Dell will be taken private for $24.4 billion, or $13.65 a share, in a transaction that will allow the company to try to turn itself around without the pressure of shareholder expectations.
Founder and CEO Michael Dell, who owns about 14 percent of Dell’s common shares, teamed up with Silver Lake Partners to acquire the company. Microsoft is also kicking in a $2 billion loan.
The deal, which is subject to regulatory and shareholder approval, should be wrapped up before the close of Dell’s fiscal second quarter, which ends in July. Following completion of the transaction, Michael Dell will continue to lead the company as CEO. He also will maintain a significant equity investment in the company by contributing his shares of Dell to the new company, as well as by making a “substantial,” additional cash investment.
Here’s what Michael Dell had to say today, via press release:
I believe this transaction will open an exciting new chapter for Dell, our customers and team members. We can deliver immediate value to stockholders, while we continue the execution of our long-term strategy and focus on delivering best-in-class solutions to our customers as a private enterprise.
Dell has made solid progress executing this strategy over the past four years, but we recognize that it will still take more time, investment and patience, and I believe our efforts will be better supported by partnering with Silver Lake in our shared vision.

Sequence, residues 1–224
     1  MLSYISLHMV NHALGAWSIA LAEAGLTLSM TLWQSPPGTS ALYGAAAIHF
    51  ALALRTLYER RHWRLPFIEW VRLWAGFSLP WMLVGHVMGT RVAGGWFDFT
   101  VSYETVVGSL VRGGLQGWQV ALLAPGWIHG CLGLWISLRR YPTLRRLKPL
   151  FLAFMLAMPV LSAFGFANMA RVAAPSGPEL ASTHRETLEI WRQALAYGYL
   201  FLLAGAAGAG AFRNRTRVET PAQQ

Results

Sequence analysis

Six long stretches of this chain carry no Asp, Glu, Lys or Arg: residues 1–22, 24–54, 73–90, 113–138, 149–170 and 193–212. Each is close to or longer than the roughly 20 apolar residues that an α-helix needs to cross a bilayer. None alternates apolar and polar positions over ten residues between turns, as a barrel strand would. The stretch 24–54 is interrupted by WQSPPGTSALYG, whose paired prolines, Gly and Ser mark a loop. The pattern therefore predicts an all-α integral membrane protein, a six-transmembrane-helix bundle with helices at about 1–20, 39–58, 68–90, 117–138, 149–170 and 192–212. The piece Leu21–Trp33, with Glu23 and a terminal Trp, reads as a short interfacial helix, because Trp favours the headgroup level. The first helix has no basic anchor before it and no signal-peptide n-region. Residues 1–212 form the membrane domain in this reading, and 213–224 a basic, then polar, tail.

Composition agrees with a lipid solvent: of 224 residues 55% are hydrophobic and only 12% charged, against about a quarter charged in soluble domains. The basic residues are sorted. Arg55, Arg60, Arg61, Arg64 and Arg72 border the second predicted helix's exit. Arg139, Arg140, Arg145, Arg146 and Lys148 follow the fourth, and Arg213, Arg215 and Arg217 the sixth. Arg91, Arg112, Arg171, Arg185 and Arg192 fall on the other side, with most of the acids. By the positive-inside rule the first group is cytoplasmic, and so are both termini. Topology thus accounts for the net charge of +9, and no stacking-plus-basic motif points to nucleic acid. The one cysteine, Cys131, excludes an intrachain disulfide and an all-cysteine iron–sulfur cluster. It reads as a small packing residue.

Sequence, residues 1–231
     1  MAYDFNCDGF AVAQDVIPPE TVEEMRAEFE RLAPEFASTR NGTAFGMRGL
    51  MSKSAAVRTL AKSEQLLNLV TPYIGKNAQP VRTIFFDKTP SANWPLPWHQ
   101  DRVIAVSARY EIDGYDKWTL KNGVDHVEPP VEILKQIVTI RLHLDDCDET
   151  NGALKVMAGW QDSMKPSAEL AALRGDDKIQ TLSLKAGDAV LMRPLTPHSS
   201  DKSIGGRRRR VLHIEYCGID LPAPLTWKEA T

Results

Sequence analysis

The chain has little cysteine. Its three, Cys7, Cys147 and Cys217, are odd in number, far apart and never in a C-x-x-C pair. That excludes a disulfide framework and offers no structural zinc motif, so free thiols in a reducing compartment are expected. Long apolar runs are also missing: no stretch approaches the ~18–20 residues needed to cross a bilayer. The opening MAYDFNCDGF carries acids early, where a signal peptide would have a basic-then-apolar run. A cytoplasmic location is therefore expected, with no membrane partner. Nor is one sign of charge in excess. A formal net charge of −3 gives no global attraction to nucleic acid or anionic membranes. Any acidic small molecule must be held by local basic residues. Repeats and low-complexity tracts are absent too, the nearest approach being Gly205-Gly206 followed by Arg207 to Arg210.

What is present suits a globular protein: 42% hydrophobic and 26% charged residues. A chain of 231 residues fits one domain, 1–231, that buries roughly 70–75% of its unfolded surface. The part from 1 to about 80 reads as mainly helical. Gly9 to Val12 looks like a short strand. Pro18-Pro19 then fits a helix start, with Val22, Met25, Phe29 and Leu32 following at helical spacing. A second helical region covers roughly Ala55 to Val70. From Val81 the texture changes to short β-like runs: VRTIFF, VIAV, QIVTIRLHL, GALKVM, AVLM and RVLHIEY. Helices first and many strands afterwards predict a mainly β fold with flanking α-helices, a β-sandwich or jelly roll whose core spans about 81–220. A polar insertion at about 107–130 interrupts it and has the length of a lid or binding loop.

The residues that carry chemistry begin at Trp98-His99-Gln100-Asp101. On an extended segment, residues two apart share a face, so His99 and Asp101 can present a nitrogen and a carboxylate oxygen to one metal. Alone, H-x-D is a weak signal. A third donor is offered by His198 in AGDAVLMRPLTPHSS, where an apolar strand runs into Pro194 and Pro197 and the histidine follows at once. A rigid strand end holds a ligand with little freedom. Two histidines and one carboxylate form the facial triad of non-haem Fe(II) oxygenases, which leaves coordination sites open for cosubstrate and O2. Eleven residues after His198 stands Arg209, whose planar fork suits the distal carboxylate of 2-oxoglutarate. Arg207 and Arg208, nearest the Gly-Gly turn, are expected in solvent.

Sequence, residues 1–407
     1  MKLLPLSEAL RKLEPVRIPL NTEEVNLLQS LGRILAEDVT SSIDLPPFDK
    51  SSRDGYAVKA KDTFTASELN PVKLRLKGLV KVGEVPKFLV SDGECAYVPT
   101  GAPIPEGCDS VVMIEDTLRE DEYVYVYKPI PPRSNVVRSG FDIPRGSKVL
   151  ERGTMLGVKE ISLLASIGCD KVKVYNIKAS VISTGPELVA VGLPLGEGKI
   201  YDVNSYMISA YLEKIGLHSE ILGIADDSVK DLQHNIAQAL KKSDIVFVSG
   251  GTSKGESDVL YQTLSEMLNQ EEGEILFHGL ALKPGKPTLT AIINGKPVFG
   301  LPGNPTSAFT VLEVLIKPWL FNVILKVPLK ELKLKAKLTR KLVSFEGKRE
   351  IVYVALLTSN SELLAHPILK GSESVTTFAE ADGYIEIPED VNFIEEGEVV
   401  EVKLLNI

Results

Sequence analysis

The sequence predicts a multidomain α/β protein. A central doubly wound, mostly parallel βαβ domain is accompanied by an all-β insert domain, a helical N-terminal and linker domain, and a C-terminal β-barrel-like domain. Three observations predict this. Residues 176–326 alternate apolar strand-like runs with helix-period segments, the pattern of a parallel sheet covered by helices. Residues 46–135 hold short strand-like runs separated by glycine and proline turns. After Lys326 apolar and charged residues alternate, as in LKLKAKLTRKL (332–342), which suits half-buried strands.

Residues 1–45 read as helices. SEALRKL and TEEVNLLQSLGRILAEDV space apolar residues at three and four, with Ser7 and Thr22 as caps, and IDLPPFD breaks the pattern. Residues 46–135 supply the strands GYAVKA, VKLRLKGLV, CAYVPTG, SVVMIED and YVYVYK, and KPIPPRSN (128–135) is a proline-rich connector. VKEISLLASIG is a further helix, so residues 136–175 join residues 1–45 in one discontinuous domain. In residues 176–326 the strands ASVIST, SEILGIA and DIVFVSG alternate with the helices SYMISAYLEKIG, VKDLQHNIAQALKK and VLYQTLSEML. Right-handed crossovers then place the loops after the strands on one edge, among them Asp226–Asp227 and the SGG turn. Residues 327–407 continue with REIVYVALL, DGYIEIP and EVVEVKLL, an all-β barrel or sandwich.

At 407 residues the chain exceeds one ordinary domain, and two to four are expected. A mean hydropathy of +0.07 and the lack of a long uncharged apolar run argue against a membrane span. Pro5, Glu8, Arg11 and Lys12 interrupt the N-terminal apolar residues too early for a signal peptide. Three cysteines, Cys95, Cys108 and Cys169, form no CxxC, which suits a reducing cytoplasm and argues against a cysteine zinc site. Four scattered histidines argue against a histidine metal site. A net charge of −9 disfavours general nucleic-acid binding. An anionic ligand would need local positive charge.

I am committed to this journey and I have put a substantial amount of my own capital at risk together with Silver Lake, a world-class investor with an outstanding reputation. We are committed to delivering an unmatched customer experience and excited to pursue the path ahead.
Shares in Dell have soared since details first emerged about a possible deal. The offer price represents a 25 percent premium over the company’s closing price of $10.88 on January 11, the last day before Bloomberg first reported a potential deal. Shares recently grew a fraction to $13.36, trading below the offer price, which indicates shareholders likely aren’t expecting a higher bid.
Dell, which has long been one of the world’s largest PC makers, has been struggling of late. Before the deal, the company’s stock had lost about a third of its value over the past year as it shifted focus away from its traditional computer market to providing business products in areas such as networking and storage. It has made many acquisitions over the past several years and has said it will continue to do so. However, there are worries about how fast those businesses are taking off.
Dell has said it remains committed to the PC market. But Dell and rival Hewlett-Packard have had trouble competing with up-and-coming Asian rivals like Lenovo and Asus. Lenovo in late 2011 surpassed Dell to become the world’s second-largest provider of PCs.
As Michael Dell noted, going private is designed to give the company the time to turn itself around.